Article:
Bitcoin technology

“First they ignore you, then they laugh at you, then they fight you, then you win”   —  Mahatma Gandhi

Bitcoin implementation is code (software) that anyone can run on their computer to turn it into a Bitcoin node.

That piece of code is open-source (anyone can review it). The reference implementation is called Bitcoin Core, which last version can be downloaded from

Interconnected Bitcoin nodes constitute the Bitcoin network

The function of a node is to enforce the Bitcoin Protocol, that is, to independently verify the validity of transactions, rejecting those that do not follow the rules.

Transactions not yet included in a block (transaction requests) are kept by each node in its own list called mempool

The transactions already included in a block (confirmed transactions) are stored by each node in the form of a copy of the shared ledger called Blockchain

Each node obtains the state of the current balances (UTXO set or chain state) from its own copy of the Blockchain.

Each balance is associated with an Address. Address creation is a simple and free process that a program called a wallet may assist to.


Addresses are obtained from Public Keys which in turn are derived from Private Keys.

edcc6224fee390a57c76c13a9becc9502a6f3b1bf6f72b6ed11b83a0f0e3e9fc --------->

04f3df70315e569bbf9fb427da65e60ce2e3660ea83ec8a8523da4de6901f7988e9e460cd594f27c9f6 --------->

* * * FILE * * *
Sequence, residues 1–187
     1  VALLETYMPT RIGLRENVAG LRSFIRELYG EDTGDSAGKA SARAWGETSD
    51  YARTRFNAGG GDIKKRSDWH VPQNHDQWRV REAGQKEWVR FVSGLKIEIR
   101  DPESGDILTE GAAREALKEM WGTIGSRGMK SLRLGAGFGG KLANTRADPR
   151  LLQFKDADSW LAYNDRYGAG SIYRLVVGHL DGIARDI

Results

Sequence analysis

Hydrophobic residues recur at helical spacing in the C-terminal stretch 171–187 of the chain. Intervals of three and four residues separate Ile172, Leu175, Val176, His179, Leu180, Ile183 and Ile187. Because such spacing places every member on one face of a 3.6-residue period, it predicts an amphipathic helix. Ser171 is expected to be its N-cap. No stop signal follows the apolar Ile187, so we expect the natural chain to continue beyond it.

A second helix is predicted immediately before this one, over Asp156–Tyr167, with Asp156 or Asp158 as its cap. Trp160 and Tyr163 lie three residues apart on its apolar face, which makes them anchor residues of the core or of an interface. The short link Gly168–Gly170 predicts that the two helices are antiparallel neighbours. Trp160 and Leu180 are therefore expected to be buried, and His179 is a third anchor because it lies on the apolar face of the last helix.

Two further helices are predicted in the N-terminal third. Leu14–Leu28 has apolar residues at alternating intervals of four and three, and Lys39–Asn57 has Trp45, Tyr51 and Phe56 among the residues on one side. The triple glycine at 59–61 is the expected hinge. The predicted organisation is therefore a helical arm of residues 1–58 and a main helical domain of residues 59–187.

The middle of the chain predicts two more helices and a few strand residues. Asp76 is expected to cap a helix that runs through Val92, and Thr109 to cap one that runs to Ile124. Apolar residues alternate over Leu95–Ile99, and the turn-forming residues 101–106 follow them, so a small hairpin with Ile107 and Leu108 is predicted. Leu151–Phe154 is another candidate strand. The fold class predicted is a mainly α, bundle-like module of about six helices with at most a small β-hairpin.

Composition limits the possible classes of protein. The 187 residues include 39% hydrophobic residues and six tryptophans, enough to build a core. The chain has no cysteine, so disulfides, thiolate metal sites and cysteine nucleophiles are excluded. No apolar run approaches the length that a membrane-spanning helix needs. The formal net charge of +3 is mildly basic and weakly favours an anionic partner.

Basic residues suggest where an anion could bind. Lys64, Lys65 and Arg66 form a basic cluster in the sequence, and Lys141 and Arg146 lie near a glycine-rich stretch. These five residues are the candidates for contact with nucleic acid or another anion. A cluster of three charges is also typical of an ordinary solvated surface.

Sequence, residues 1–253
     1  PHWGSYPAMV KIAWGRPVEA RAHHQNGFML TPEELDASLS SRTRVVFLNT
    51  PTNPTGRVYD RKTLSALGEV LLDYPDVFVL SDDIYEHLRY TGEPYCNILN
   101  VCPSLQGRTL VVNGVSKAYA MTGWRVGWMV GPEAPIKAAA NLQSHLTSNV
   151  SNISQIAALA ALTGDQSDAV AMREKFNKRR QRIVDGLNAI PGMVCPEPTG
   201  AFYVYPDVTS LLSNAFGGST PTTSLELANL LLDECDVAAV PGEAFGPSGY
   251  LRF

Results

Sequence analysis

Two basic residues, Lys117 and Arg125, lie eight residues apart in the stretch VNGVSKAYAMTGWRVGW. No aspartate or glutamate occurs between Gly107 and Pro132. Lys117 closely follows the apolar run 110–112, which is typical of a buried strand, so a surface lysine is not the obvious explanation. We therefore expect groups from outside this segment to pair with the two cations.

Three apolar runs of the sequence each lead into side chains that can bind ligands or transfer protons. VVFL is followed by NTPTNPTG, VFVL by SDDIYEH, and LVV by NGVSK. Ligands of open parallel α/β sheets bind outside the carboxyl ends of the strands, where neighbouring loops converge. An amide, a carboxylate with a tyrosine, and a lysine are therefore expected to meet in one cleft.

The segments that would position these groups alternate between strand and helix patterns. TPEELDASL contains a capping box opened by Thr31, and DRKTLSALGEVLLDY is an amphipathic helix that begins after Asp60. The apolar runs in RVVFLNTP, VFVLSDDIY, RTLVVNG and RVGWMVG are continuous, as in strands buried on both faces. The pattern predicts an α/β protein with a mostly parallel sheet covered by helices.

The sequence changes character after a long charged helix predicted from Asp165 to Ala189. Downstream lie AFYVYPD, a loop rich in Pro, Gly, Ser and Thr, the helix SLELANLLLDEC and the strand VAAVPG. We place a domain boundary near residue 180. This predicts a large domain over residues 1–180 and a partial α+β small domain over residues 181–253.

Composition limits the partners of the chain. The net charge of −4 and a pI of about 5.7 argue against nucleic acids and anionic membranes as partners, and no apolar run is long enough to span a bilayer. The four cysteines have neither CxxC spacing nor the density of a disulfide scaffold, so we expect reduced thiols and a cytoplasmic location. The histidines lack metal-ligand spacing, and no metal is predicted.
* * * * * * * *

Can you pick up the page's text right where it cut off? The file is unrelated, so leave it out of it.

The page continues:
One-way functions are used on those processes, which means it is not possible to obtain a Public Key from an Address, neither to derive a Private Key from a Public Key.

A Private Key consists of a random number between 0 and 2^256 (roughly the number of atoms in the known universe), so its entropy (disorder) is 256 bits.

It can be used to encrypt data that only its Public Key is able to decrypt.

That feature is employed to demonstrate compliance with a message, which is the equivalent of signing a message: by keeping a Private Key in secret, its owner could publish a text that includes:

-the message

-the Public Key

-and the digital signature, which simply is that same message encrypted by its Private Key

The mathematical proof that the owner of the Private Key has authorized the Message (digital signature) can be verified by decrypting the message with the Public Key and checking that the resulting message and the original message coincide.


A transaction is simply a digitally signed message that orders the change of bitcoin units from one Address to another. 

It is also specified the number of units to be paid as commission to the block creators (miners) to incentivize the priority of its execution. 

The first transaction in a block (coinbase transaction) is included by the miner himself to receive the reward at his own Address.




Hashing makes easy verifiable the integrity of historic data.

Cryptographic hash functions transform any digital data (input) into a fixed size of data (hash). 


Cryptographic hashes are for data what fingerprints are for people:

-A fingerprint does not disclose any information about the person. (One-way function).

-Similar people may have very different fingerprints. (Slightly different digital data result in completely different hashes).

-The same person will always produce the same fingerprint. (The same data will always result in the same hash).

-Let's assume fingerprints are always of the same size independently of the size of the person, for the sake of the analogy. (No matter the size of initial data, the hash will always have the same size).

Try it here!

There are different kinds of hash functions, the most commonly used in Bitcoin is SHA256, which produces a 256 bits hash. Examples:

-An Address is the encoded hash of a Public Key.